I woke up at 3:30 am, according to my watch that I had set in the plane. I knew right away that I wouldn’t be able to go back to sleep, so I got out my computer and worked on it for the next 90 minutes. Just then, the phone rang with my wake up call. I was confused, since I had asked for a 6 am call, but my watch only said 5. I decided that I must be the one that was wrong, and then took a shower and got ready. As I walked down to the lobby 30 minutes later, I noticed that the clock above the stairs said 6:45 am, and figured that it must be 15 minutes fast.
The streets of Arona were dark and deserted, it seemed way too dark for 6:30, appearing more like midnight, but I decided to look around anyway. Arona left a much better impression on me than Milan had, seven months earlier. The dingy, gray, graffiti-covered buildings had been replaced by quaint stucco buildings akin to my hotel which lined the narrow streets of the village. I walked around the courtyard of an old church, and then walked down the hill to the lake front. It was still pitch black outside and I had yet to see a sole on the streets.
After circling the area, I wound up back at the hotel and saw that the cafe had opened up. I had been famished ever since I had gotten up that morning, since my eating schedule had been completely thrown off by traveling. I went inside the cafe and ordered a chocolate-filled croissant, along with a cappuccino. Maybe it was because I was hungry, but I swear that it was the best croissant that I had ever eaten- warm and buttery and flaky. I understood from the man who worked at the cafe that breakfast there was included in the price of my room.
As I walked past the front desk, I noticed that it was 6:30. That meant that I had been right about the time all along and that my wake up call had come an hour too early. As I neared my room, I could see that the clock on the stairs had not changed from when I first looked at it. I therefore set out once again for a tour of town, knowing that sunlight could not be far off. Alarmingly enough, stepping out the door of the hotel revealed that it was still completely pitch black outside. By the time I returned to the lake, however, there was a slight glow in the sky above it. After walking around some more, I was able to watch the sunrise over the lake.
I returned to the hotel once again and brought my bags downstairs in order to meet my taxi at 7:45. The same man drove me back to the airport, this time taking the main road the whole way and taking only 25 minutes to get there, but still talking to me in Italian the entire way. One bit of information I was able to gather from him this time was that Malpensa Airport was one of the busiest airports in Europe.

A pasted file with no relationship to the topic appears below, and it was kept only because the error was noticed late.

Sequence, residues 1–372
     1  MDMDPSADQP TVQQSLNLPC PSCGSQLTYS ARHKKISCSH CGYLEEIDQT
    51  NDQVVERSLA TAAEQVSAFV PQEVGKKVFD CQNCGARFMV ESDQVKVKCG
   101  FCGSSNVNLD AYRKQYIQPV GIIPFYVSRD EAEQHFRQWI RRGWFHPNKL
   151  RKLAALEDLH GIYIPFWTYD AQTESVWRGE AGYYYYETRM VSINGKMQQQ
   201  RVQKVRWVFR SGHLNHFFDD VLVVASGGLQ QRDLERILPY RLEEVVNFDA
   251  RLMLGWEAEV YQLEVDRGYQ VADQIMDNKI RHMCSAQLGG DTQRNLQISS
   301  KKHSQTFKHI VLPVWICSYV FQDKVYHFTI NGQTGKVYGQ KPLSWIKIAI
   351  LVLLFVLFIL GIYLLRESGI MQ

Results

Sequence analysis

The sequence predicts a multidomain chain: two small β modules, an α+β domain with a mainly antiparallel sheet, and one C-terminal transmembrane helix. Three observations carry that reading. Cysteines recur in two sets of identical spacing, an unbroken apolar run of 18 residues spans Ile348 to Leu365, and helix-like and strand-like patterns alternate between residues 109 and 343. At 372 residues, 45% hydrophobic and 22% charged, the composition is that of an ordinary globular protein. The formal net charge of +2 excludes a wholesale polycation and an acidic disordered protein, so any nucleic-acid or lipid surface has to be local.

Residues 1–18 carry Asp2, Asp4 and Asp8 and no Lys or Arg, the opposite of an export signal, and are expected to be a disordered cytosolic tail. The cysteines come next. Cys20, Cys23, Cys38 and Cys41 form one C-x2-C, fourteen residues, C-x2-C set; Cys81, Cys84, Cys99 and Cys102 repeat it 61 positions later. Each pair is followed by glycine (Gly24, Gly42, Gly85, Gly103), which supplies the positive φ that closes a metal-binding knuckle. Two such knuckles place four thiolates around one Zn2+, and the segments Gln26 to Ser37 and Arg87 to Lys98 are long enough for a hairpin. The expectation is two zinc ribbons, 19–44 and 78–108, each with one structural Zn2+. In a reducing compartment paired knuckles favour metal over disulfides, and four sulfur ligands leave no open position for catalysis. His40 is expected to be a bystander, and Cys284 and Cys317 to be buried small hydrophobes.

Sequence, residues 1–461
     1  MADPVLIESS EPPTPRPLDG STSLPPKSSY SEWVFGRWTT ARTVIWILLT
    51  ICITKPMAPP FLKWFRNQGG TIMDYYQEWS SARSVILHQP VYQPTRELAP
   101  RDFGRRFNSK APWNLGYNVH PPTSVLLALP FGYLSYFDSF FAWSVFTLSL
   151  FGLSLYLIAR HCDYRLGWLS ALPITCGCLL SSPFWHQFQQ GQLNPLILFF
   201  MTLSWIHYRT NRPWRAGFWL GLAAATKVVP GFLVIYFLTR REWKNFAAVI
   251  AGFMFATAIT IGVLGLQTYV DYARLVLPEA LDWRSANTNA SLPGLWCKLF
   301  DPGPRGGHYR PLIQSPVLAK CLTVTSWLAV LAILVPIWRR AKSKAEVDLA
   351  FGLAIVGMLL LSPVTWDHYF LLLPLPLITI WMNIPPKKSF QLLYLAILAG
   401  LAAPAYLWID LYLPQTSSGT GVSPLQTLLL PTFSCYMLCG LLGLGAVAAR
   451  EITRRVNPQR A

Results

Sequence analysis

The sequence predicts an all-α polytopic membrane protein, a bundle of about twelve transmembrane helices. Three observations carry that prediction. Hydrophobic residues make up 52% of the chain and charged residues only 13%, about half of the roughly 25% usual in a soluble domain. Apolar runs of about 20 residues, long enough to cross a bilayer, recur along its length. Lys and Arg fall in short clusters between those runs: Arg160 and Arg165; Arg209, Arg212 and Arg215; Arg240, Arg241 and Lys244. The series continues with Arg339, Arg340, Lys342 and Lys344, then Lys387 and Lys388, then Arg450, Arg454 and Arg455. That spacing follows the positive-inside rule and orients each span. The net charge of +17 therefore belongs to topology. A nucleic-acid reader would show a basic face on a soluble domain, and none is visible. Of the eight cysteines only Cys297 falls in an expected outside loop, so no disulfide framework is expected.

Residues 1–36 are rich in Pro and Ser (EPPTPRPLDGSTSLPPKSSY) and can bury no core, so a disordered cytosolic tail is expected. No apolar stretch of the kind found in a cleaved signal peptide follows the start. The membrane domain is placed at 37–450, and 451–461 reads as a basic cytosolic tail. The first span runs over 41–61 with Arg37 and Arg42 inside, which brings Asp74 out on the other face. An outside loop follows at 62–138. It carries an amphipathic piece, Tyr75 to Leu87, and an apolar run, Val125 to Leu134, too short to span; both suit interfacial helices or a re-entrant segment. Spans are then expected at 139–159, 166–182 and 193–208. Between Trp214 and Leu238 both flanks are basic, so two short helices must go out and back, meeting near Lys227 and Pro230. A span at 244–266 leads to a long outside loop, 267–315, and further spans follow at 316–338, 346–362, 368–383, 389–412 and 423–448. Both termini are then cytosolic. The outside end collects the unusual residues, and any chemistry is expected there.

Upon my arrival, I could see that he was right- even though I got there 2 hours before departure; I barely made it to the gate on time. It took a full hour to check in and, by the time I got my boarding pass, it was already time to begin boarding, even though I had yet to pass through security. The line for the security checkpoint was unbelievably long- it reminded me more of our day at Disneyland, it wound back and forth so many times. Finally, after 35 more minutes, I arrived at my gate. Luckily, there was still a long line to board and I didn’t have any problems making the flight.
The flight to Chicago on a 747 didn’t have the individual screens to watch movies on, but I did catch “Ratatouille” as well as two Italian movies on the main cabin screen. I took a few cat naps during the flight, but otherwise didn’t really sleep. After we landed in Chicago, I stood at the baggage claim area, watching the luggage go around and around. Soon, there was no more on the conveyer, but still at least a dozen people standing there without luggage. The airport staff soon determined that there was no more luggage from the flight to be had and suggested that we all go through customs and fill out a claim for our lost luggage at the Alitalia ticket counter. I wasn’t particularly worried that they had lost my luggage forever, however, due to the number of people who were still missing theirs.
Trudy and the boys were waiting for me outside the arrival area, but had posted themselves at the wrong set of doors, so I went up behind Trudy and scared her by asking who she was waiting for. Soon, we embarked on a three hour drive through dense fog to get to my mother’s house. We stopped there briefly to pick up some of the things we had sent back with her during her visit, and then continued on the 90 minute ride to Galesburg, our home town. By now, the fog had given way to a light rain. Since it was Brennan’s 12th birthday, we stopped at our favorite Mexican Restaurant, El Rancherito, for a celebratory dinner, without even stopping at home yet. After our (mostly futile) search for Mexican food in Japan, it was good to be back! Brennan got to wear a sombrero and had fried ice cream for dessert.
By 8:30 pm, we finally reached our house. We were pleasantly surprised to find that Justin’s friends from high school has taken it upon themselves to dig our Christmas decorations out of our attic in order to put up a tree for us as well as put lights up in our yard. I helped Trudy unpack and put things away as long as I could, but by 11, I needed to go to bed. I had been up for over 24 hours for the second day in a row! The rain had now given way to sleet, and was supposed to turn to snow later on. I went to bed listening to the sleet hit our bedroom windows- I was definitely home.